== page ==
Then the trial began.
It was illegal right from the very start. You see the Jewish law decreed that trials could begin only between sunrise and high noon. In this instance it was the middle of the night. Caiaphas and the Sanhedrin were so afraid of Jesus’ popularity with the multitudes in the city that they wanted to have the whole thing wrapped up by dawn. They sought to do their dirty work then under the cover of darkness.
The well-known short-story writer, O. Henry, was actually named Sydney Porter. He was an altogether disreputable man. He betrayed his family; he welshed on his debts; he was an alcoholic; he was convicted of several crimes. But when he was dying, he called out to his nurse, “Please turn up the lights. I don’t want to go home in the dark.” Strange, don’t you think? I mean, he tried to get away with all of his life lived in the dark, but, suddenly when death was near, he was afraid of that darkness. I submit to you today that anyone who tries to delude God, anyone who tries to hide something from the Almighty, anyone who tries to live life in the dark places of evil and wrong doing will know a similar anxiety.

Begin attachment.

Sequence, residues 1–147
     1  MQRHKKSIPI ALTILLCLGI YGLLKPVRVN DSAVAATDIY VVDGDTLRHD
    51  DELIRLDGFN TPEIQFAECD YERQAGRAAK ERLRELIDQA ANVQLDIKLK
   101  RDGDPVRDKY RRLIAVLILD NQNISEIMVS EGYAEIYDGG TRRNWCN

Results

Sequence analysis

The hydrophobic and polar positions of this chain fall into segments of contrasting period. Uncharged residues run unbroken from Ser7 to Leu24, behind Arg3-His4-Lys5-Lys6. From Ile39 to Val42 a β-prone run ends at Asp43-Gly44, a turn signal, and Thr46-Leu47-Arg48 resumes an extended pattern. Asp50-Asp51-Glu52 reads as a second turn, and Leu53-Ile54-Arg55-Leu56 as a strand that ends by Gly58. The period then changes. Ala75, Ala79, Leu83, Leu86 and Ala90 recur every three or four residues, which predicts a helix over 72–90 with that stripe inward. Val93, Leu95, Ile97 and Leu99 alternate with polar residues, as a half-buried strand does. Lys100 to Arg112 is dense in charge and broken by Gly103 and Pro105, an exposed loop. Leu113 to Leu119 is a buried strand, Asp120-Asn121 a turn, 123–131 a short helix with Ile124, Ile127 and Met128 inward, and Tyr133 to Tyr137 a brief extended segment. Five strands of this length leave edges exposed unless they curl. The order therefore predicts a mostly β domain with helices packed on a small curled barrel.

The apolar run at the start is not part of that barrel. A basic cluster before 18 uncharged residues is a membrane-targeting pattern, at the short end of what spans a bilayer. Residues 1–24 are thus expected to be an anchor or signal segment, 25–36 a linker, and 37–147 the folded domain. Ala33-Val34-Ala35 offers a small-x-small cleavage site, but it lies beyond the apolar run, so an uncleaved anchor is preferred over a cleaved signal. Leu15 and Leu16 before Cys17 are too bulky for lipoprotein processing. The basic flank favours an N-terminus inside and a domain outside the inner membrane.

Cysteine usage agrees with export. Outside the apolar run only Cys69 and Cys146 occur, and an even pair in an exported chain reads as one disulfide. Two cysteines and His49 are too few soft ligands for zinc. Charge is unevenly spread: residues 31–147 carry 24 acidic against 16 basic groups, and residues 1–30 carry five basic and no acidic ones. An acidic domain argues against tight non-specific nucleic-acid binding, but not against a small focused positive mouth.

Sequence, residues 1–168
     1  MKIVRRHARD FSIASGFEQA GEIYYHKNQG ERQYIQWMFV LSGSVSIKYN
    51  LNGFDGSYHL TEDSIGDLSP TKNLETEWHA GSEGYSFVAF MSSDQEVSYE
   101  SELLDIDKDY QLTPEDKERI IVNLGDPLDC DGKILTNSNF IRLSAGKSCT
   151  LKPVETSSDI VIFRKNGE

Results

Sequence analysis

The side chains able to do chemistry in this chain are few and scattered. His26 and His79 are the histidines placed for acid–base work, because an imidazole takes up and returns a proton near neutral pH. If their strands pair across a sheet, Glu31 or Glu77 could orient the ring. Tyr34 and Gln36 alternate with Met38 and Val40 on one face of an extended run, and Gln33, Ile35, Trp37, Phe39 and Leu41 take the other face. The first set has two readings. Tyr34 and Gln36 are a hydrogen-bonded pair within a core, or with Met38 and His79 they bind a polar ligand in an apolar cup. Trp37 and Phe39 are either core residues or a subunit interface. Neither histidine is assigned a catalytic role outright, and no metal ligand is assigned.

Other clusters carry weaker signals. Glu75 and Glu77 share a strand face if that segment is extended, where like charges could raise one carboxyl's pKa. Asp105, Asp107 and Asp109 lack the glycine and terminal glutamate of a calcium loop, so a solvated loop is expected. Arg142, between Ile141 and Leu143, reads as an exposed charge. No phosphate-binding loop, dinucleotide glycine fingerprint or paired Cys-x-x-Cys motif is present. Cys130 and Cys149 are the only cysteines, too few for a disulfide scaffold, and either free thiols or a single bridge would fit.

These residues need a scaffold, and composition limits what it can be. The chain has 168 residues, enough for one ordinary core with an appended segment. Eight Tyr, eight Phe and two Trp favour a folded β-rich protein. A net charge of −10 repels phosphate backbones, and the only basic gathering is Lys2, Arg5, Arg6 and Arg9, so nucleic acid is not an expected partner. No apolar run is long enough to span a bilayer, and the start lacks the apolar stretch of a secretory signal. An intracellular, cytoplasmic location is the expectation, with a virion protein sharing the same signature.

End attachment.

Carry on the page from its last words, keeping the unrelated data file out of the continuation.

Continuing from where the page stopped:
So Caiaphas and the Sanhedrin conducted the trial of Jesus under the cover of darkness. They tried to get away with that which was wrong, while no one was looking.
At last, the verdict was rendered.
In Jewish law when the judge put a question directly to a person, it was a criminal offense not to answer. So Caiaphas stood and gathered about himself the robes of his self-righteousness, and his question put directly to Jesus rang throughout the assembly hall. “Are You the Christ, the Messiah, the Son of God”? This time Jesus didn’t work a miracle—instead Jesus declared that He is the miracle. Jesus said for all the world to hear, “I am!” So the two greatest miracles the world has ever known are these: God coming to earth in Jesus Christ and Jesus Christ being raised from the dead. Sometimes you hear the atheists or the agnostics say, and sometimes you even hear preachers, teachers, or leaders of the church say, “Jesus never claimed to be God.” Rubbish. Here it is. Jesus, under oath before the Supreme Court of the Jewish people, said, “I am the Son of God.”